With time rapidly ticking away before graduation I often find that undergrads fall into two distinct camps.
- Camp 1 – ‘I’ll wait until I’ve graduated to look for a job’
- Camp 2 – ‘I’ve been applying for internships and jobs for a while now’
Whichever camp you’re in, now is the perfect time to either start your LinkedIn journey or to beef up your profile and I’ll try and explain why.
Be ahead of the curve
Graduate recruiters are increasingly using social searches to whittle down their lists of potential candidates so being on LinkedIn is an opportunity to show off your wares in a professional light. In the grand scheme of things very few undergrads are on LinkedIn and of those that are, only a handful are gaining any leverage from it.
If you can develop a strong LinkedIn profile now, when you come to apply for graduate roles, internships or even work experience positions you’re going to be well ahead of the game.
Here are my 7 steps to help you make the most of LinkedIn
Lock down your other social networks – Before you start, be sure to set the privacy settings of your other social networks to ensure that strangers can’t see your content. Even the best LinkedIn profile can’t make up for endless pictures of you face down in a pile of your own vomit or images of you gurning at an all-night rave.
Now that you’re about to start social networking for professional reasons it’s time for some brand management. Make sure that your brand looks good, all of the time!
Dress to impress – It’s human nature to make snap judgements about someone based on how they look. Your LinkedIn profile photo is going to be the first thing that a recruiter sees so you better make sure that it’s a professional one. If you know someone who’s handy with a camera get them to take a professional looking photo and be sure to look dynamic, there’s nothing worse than a dull photo.
Headlines sell –Any journalist will tell you that headlines sell newspapers and the same goes for your LinkedIn profile. Craft a succinct and punchy headline to catch a recruiter’s attention.
Fill out your profile – Too many grads leave their profile information empty. This is your chance to include information about relevant experience that you have. List any internships or voluntary roles and be sure to list any of your responsibilities. Also, if you have any quantifiable achievements, now is the time to include them. For example, if you’ve consistently achieved over 70% throughout your degree, listing this on your profile will help to show your dedication.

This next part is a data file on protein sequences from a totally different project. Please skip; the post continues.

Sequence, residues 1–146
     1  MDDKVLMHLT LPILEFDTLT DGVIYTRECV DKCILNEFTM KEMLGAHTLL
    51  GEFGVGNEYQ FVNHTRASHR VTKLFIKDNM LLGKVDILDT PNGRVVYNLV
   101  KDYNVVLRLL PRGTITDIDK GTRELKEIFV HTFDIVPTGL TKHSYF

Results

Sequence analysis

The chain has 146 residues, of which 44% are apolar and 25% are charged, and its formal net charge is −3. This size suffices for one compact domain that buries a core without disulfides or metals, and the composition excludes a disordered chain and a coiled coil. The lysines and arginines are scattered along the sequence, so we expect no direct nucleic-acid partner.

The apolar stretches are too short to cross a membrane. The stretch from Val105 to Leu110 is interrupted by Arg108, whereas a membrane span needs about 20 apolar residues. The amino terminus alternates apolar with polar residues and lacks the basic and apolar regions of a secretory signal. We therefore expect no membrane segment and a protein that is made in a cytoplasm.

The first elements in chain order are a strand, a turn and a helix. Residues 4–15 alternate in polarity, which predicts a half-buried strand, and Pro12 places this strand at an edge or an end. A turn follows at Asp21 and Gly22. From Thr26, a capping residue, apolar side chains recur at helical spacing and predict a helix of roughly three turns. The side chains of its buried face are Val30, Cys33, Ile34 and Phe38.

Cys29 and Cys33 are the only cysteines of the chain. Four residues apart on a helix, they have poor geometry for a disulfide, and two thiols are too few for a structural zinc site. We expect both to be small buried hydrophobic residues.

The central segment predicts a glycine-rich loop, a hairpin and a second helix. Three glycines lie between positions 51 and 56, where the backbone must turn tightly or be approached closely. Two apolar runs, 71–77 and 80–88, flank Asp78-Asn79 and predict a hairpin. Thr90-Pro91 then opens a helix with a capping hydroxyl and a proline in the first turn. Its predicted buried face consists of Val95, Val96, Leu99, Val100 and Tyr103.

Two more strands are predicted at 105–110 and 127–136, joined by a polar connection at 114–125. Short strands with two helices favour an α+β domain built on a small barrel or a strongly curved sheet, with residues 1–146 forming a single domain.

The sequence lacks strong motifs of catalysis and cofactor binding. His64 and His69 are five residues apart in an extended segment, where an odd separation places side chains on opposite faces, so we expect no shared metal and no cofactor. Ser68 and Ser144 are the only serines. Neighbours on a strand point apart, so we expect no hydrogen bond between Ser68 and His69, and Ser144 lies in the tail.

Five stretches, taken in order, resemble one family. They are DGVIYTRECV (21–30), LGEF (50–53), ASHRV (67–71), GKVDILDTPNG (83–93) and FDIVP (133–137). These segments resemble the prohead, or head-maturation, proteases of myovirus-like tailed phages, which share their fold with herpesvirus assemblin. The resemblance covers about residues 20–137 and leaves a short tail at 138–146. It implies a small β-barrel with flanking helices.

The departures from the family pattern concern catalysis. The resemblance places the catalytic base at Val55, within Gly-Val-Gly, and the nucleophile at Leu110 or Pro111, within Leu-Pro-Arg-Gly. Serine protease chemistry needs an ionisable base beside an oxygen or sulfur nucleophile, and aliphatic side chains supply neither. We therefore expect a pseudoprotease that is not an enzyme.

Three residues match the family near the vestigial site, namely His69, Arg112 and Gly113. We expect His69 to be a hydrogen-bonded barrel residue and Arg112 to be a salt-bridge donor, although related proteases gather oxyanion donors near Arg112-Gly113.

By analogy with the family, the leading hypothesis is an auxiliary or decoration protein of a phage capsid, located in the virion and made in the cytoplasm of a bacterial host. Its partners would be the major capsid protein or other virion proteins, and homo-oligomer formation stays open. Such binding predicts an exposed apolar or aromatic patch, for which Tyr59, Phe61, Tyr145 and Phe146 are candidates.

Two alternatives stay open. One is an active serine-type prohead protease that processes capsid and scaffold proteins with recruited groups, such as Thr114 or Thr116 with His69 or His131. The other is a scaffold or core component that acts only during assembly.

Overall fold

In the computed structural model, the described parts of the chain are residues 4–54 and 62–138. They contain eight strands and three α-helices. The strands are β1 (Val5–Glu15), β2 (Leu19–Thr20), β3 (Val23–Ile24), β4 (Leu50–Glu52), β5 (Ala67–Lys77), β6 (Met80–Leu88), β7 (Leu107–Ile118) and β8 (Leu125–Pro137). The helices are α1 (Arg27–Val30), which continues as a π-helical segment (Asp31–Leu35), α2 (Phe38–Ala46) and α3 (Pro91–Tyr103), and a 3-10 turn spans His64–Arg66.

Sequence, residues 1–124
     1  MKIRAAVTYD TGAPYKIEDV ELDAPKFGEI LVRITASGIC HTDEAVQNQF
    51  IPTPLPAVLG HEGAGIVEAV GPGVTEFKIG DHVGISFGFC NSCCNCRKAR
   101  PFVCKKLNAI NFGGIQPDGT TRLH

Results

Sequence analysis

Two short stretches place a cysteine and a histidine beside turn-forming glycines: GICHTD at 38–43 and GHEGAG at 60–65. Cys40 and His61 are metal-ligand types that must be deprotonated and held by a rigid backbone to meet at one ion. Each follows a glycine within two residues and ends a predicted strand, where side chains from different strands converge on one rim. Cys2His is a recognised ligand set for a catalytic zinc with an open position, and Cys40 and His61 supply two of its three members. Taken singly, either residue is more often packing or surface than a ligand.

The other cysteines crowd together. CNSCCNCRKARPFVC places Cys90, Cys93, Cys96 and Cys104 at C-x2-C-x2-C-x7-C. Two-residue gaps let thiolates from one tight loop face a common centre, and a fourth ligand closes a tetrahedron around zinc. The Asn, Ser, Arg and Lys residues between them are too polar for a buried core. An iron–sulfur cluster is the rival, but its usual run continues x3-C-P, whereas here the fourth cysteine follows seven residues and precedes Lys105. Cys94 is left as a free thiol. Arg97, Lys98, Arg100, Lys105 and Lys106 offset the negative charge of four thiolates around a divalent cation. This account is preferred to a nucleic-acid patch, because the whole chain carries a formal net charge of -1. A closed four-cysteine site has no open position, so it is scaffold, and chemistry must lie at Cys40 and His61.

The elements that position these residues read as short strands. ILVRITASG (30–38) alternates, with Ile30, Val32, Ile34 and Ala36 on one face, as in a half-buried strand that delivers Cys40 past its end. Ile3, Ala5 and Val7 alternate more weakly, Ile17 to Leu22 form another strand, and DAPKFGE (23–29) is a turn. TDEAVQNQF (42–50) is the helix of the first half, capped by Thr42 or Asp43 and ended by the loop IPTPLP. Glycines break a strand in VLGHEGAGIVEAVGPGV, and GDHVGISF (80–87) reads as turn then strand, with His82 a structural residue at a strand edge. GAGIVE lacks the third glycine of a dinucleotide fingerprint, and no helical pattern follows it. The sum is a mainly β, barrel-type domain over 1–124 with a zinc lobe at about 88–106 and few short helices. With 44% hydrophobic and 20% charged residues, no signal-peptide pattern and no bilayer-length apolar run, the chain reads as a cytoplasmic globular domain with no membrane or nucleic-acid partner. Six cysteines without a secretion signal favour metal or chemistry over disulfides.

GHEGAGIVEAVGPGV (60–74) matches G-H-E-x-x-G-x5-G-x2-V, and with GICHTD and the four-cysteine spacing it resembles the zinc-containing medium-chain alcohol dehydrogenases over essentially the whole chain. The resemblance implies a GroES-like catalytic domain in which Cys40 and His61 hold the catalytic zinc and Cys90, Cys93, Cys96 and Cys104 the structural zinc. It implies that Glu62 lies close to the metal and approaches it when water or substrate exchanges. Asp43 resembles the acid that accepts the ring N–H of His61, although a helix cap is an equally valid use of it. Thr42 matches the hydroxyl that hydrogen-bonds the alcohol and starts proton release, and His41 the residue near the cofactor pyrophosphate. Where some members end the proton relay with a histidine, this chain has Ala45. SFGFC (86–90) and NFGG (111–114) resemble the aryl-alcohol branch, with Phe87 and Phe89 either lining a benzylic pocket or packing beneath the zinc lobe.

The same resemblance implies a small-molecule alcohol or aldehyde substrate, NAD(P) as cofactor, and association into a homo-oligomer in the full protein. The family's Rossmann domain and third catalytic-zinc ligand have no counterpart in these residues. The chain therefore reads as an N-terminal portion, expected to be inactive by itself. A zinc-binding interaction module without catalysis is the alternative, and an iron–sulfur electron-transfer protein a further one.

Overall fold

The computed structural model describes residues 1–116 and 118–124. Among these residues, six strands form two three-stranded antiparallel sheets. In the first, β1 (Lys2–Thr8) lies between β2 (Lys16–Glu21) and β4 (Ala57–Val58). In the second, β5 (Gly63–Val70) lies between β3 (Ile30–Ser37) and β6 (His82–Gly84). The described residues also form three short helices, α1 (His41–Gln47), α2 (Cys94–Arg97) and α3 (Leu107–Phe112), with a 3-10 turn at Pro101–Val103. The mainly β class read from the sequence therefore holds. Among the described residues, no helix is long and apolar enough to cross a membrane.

Education can speak volumes – Even if you haven’t got much work experience, the way in which you present your studies can help a recruiter understand how your degree can translate to the workplace. Demonstrate that your degree has given you transferrable skills and you’ll be well on your way to impressing an employer.
Make connections within your chosen area – Making connections on LinkedIn within your industry can be tricky for undergrads. A good place to start is to connect with any of your tutors who may be able to give you recommendations. They could even suggest you to others in your industry.
You may also want to think about approaching individuals on a speculative basis. If you do this be sure that you don’t use LinkedIn’s auto connect or generic messages (read more about that here).
Start by introducing yourself and let them know why you’d like to connect. If you are approaching them to see if they can offer you any experience, try not to be pushy and offer them an easy way out. This can actually be a good way of endearing yourself to them and shows your professionalism. In my experience I’ve seen that a well worded request can do wonders so why not give it a try?
Get the right recommendations – The one thing that you don’t want to have is worthless or embarrassing recommendations. I’ve seen recommendations from student’s parents on LinkedIn about how wonderfully hard working their son/daughter is. Steer clear of anything in this vain as it’s easy to see through.
The great thing is that LinkedIn recommendations aren’t too hard to come by. They’re like currency, if you spend a little by giving a recommendation you may get one back. Start by writing a recommendation for your favourite lecturers. Hopefully they will return the favour and offer you a positive recommendation. If you’ve completed any internships, volunteering or paid work, recommend key figures that you’ve worked with and before long you’ll have plenty of recommendations to show prospective employers that you’re worth employing.
Are you already on LinkedIn and not sure how to get the most out of it?
Or, have you been thinking that it’s pointless getting on LinkedIn until you’re in a professional role?
If you need any help feel free to get in touch for some advice!